Learning to Wait Thoughts on the Waiting Game

 

Last week was eventful. A close friend welcomed a new baby girl into the family while another dear friend said a final loving good-bye to her mother. What both events had in common was a period of waiting. Joyful anticipation built over the months as the new mom and her extended family prepared for the birth of a child. On the flip side, those who have experienced a loved one deal with a lingering illness know tremendous pain as those precious minutes slip away.

There are different types of waiting periods in life. Waiting to meet your soul mate, waiting for a house to sell, waiting for a cappuccino

 

 

 

 

 

 

 

 

 

at your favorite coffee shop, waiting for summer to begin and the list goes on and on.

In the past, I totally sucked at waiting fervently wishing I could fast-forward time. Perhaps that is a common ailment in our “I want it now,” world. True, some things are out of our control and waiting periods fall into that category. Over the years I’ve learned to utilize the wait time wisely and respect the process.

Whoever coined the phrase, “Good things come to those who wait,” had a point. For example, a few years ago one of my single clients (let’s call her Tami) was obsessed with finding a mate.

 

 

 

 

 

 

 

 

 

She went through one of those “What’s wrong with me,” scenarios.  Tami was a beautiful hard working accountant but spending most of her waking hours at the office took a toll on her ability to converse about anything other than balance sheets and journal entries.

My suggestion involved reducing her working hours to make room for a hobby. Following through with this plan Tami enrolled in a number of gourmet cooking classes and even began blogging about vegetarian cuisine.

 

By busying herself with a hobby, and back-burnering her focus on waiting for “the one” to show up, she began feeling fulfilled outside of the office.

 

Oh, and did I mention Mr. Wonderful eventually surfaced? Turns out she married the chef instructor of her Pastry 101 course. (Yes, good things do come to those who wait).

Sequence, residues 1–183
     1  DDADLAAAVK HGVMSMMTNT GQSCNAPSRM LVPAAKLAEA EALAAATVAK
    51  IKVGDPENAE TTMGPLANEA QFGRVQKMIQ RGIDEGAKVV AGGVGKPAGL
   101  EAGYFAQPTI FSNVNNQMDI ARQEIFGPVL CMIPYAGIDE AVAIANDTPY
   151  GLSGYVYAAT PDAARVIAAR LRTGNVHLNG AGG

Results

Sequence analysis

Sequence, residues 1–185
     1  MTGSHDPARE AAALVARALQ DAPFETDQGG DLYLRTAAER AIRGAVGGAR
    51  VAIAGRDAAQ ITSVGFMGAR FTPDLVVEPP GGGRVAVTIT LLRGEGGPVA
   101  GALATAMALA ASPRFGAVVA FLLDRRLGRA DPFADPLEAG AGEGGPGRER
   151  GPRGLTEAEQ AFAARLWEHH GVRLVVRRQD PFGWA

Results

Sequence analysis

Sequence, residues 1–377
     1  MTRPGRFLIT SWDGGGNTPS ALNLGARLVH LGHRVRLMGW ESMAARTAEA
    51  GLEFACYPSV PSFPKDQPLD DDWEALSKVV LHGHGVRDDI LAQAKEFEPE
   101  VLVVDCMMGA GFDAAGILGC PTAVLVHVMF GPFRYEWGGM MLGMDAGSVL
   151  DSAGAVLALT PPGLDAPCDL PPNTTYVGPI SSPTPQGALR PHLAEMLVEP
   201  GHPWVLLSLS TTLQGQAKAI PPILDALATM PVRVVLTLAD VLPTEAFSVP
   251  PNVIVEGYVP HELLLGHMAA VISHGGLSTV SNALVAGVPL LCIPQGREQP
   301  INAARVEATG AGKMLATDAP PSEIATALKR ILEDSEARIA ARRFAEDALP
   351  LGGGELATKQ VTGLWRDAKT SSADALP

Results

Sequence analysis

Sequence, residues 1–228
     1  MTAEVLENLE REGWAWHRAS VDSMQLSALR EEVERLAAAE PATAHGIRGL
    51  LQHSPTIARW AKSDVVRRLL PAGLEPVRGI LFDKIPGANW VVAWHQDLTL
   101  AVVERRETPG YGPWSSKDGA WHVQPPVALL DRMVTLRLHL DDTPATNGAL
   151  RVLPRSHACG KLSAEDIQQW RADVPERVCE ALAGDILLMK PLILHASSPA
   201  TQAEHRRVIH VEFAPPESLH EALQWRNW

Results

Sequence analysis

Tami’s experience can be applied to most periods of time requiring we patiently go into a holding pattern.

So how do you deal with an event you wish you could hurry along? First, accept that “wait” is not a nasty four letter word. Change your focus and make some plans while you’re sitting it out.

By doing so, in the interim, you might find you’re having the time of your life.

Overcoming a Lack of Motivation

Ever find yourself in a motivational slump? Last week as I viewed large pockets of free time on my calendar I was practically doing back flips thinking of the precious hours I could spend advancing on my goals. Turns out, it didn’t happen that way. What happened was a total lack of motivation, followed by frittering the hours away, ending in a period of zero progress.

 

 

 

 

 

 

 

 

 

Determined not to let this happen again, I resorted to research. Needing stimulation beyond my own self coaching  I scanned through some motivational blogs and came up short. Everything read like the same old blah, blah, blah that ran through my head. Nothing signaled a brain spark until I noticed a post by Olympic athlete, Inga Stasiulionyte.

Now I was onto something. If anyone could help me carve a path out of this listless do-nothing fog, a javelin thrower turned executive coach had a chance. Obviously anyone who followed her dream all the way to the Beijing Olympic Games knows something about victory.

 

 

 

 

 

 

 

 

As I studied her approach to success, it all boiled down to one common theme. Discipline. Okay, nothing new, we all know it takes commitment and focus to get to the goal line, however, in this simple sentence Inga offered up a key to get me back on track. “Build a no-matter what mindset.” Aha! You see all week long I gave myself permission goof-off. I decided if I could permit a lax attitude, I could also create a no-matter what mindset.